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Traveling preacher, faith healer to be at Outreach Christian Ministries

By Rebecca Rider


Joanna Coe-Herndon, a traveling preacher and faith healer, will be dropping by Salisbury early in March. Coe-Herndon, 64, has traveled the world, preaching from Texas to Uganda, but said it’s a life she fought for a long time.

Coe-Herndon grew up with revivals. Her father, Jack Coe, was a renowned preacher and healer. When she was young, the family would travel with him, attending services under a large tent while Coe preached and healed the sick. He held revivals under the largest tent in the world in the 1940s and ’50s, Coe-Herndon said, and the meetings were full to bursting, attended by tens of thousands of people.

“People by the thousands stood out on the street, hoping to get in, or get a glimpse of something,” she said.

Though she was young at the time, Coe-Herndon said she remembers how excited people were, “everybody clapping and hollering,” jumping and running and laughing,

“Usually in church back then we were taught to be still and be quiet,” she said.

But not at her father’s meetings. Her father, who Coe-Herndon described as an outgoing man, talked, preached and prayed. The meetings were always lively, and God always showed up. Once, Coe-Herndon said she saw a man lying on a bench, a death rattle in his throat, and she turned to her mother.

“And I said, ‘Mama, is Daddy going to help them?’ . . . And she said, ‘Yes honey, Dad’s going to pray for them, and Jesus is going to heal them.’”

Her father died when she was five, but over the years of her own ministry, Coe-Herndon has been collecting stories. People come up to her now at her own meetings and tell her about how they were healed when her father prayed for them, or about the crowds in the streets or the wheelchairs piled “high as a mountain” outside his tent.

But a life of preaching isn’t something that came easily to his daughter. While she said she always knew she wanted to be a preacher, she also had dreams of being an actress.

“Those were two things I struggled with all my life,” Coe-Herndon said.

As she got older, there was tremendous pressure from people she met to pick up her father’s ministry.

“People wanted that again,” she said.

But she never thought she could do what her father did. After college, she worked as an insurance agent, and then for an entertainment company.

“I had a time in my life when I ran from ministry and the Lord,” she said.

Eventually, she and her husband began pastoring a church in Dallas, Texas. But it wasn’t until 2007, when someone asked her to speak at a women’s retreat that she thought about walking in her father’s footsteps. Coe-Herndon was scheduled to preach for a week in Tool, Texas.

“What was supposed to be a week turned out to be eight weeks,” she said.

During her two months in the small, lakeside town, Coe-Herndon said she was strongly impacted by young people who came to the meetings, and the way their lives turned around as they gave up controlled substances and self-harm. At the end of the revival, she was invited to speak in Virginia – and for the past 10 years, she hasn’t stopped.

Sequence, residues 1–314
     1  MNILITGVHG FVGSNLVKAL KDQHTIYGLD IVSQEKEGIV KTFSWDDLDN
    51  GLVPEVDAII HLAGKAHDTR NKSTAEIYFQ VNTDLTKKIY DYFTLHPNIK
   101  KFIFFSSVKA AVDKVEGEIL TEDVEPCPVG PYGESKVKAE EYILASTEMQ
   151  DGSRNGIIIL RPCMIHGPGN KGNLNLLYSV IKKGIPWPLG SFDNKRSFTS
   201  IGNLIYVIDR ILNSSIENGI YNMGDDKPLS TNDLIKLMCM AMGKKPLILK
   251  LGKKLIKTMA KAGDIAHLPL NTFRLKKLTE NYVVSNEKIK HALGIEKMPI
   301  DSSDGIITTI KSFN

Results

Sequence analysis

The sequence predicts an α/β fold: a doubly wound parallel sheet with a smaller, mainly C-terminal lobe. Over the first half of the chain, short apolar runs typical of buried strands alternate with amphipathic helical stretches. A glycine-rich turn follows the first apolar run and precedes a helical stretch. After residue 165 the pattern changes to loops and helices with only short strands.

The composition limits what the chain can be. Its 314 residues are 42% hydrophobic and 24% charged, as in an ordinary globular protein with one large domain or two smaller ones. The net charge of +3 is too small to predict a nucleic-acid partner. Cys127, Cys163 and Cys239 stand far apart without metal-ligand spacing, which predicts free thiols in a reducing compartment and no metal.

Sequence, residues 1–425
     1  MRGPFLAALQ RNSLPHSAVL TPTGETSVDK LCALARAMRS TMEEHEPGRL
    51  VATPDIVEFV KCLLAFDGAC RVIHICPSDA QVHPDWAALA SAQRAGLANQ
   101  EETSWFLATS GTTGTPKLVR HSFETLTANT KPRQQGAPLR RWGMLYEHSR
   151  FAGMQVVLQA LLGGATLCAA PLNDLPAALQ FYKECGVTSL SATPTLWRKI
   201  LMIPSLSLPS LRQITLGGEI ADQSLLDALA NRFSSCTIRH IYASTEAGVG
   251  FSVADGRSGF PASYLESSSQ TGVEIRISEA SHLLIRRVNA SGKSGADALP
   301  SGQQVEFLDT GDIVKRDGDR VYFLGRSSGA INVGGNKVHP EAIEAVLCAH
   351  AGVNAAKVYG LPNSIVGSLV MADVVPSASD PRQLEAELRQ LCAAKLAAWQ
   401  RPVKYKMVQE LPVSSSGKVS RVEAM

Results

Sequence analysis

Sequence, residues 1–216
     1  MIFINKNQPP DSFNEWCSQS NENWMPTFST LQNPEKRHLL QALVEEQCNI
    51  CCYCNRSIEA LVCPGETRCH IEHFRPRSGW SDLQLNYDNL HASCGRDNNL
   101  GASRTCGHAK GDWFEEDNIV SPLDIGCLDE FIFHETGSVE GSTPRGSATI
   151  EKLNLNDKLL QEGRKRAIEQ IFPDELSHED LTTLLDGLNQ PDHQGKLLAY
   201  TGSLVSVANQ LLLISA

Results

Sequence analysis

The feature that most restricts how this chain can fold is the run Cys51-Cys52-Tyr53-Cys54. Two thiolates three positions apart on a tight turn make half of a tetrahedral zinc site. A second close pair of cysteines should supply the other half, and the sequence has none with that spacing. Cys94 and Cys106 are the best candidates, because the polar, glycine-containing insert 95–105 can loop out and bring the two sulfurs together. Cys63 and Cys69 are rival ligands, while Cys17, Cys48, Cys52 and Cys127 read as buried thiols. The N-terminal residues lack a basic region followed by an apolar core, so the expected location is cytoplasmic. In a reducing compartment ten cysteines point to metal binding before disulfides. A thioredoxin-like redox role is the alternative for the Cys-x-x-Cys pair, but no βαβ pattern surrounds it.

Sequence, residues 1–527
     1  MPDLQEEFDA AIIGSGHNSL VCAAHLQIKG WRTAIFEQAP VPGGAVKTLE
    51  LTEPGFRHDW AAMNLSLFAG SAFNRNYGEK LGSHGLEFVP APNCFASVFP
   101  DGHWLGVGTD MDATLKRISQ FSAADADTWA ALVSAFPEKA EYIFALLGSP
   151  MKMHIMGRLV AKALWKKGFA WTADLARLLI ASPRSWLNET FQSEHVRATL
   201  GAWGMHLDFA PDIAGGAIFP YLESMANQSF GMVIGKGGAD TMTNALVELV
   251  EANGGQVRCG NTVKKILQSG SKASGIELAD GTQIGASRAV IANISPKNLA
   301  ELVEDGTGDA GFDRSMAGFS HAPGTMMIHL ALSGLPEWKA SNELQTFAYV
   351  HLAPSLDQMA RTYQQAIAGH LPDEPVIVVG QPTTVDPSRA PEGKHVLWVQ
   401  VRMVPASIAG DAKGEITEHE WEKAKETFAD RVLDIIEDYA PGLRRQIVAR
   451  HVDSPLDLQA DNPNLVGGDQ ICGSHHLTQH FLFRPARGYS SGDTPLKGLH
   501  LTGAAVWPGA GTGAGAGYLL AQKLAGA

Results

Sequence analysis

“This is really what I should have always been doing,” she said. “I love it.”

In her ten years on the road, Coe-Herndon has compiled her own stories. She’s been from California to North Carolina, and this year will mark her ninth trip to Columbia. Everywhere she goes, she sits back and watches God work.

“We get to have fun watching God move,” she said, “and that’s why I feel like I’m still a kid or a young person, because it’s exciting watching what God does.”

And for every town she visits, she has a story. A man who was healed of gangrene in his foot, a woman healed of cancer, a man who had his sight restored, a woman who was miraculously able to hear, despite having her eardrum and inner ear removed.

The more people she meets, and the more stories she gathers, the more people she wants to reach.

But she makes it clear that she and her husband couldn’t “heal the headache on a fly.” It’s all God. And she knows that was true of her father, as well.

“He was only doing what God wanted him to, and once I realized that, it’s not about how big someone is . . . success is about obeying God, but it took me a long time to figure that out,” she said.

Now, when people talk about how she picked up her father’s ministry, she says that isn’t the case.

“It’s not because I’m Jack Coe’s daughter,” she said. “It’s God. And anyone who serves God and obeys God can do that.”

These days, the ministry has changed. Coe-Herndon said she mostly preaches in churches, unlike her tent revival father, and while she has been in a few tents, she’s not fond of traveling with them. And throughout her ten year-ministry of preaching and praying, she said she hasn’t run into many skeptics. If she does, she tells them stories, or offers to connect them to pastors or people who can supply a medical report.

But it’s not her job to convince them if they don’t want to be convinced, she said.

It’s her job to preach, pray and watch God move.

“I love my job,” she said.

Coe-Herndon will be at Outreach Christian Ministries, at 722 West Horah Street, March 1-3 at 7:30 p.m. for the church’s celebration of 45 years of ministry and the birthday of Evangelist Alease Taylor. Speaker Tanya Pugh, from Oklahoma City, Okla., will also speak from March 9-11. The celebration will culminate in a luncheon on Saturday, March 19 at 3 p.m. For more information contact Linda Hunt at 704-754-1709.

Contact reporter Rebecca Rider at 704-797-4264.



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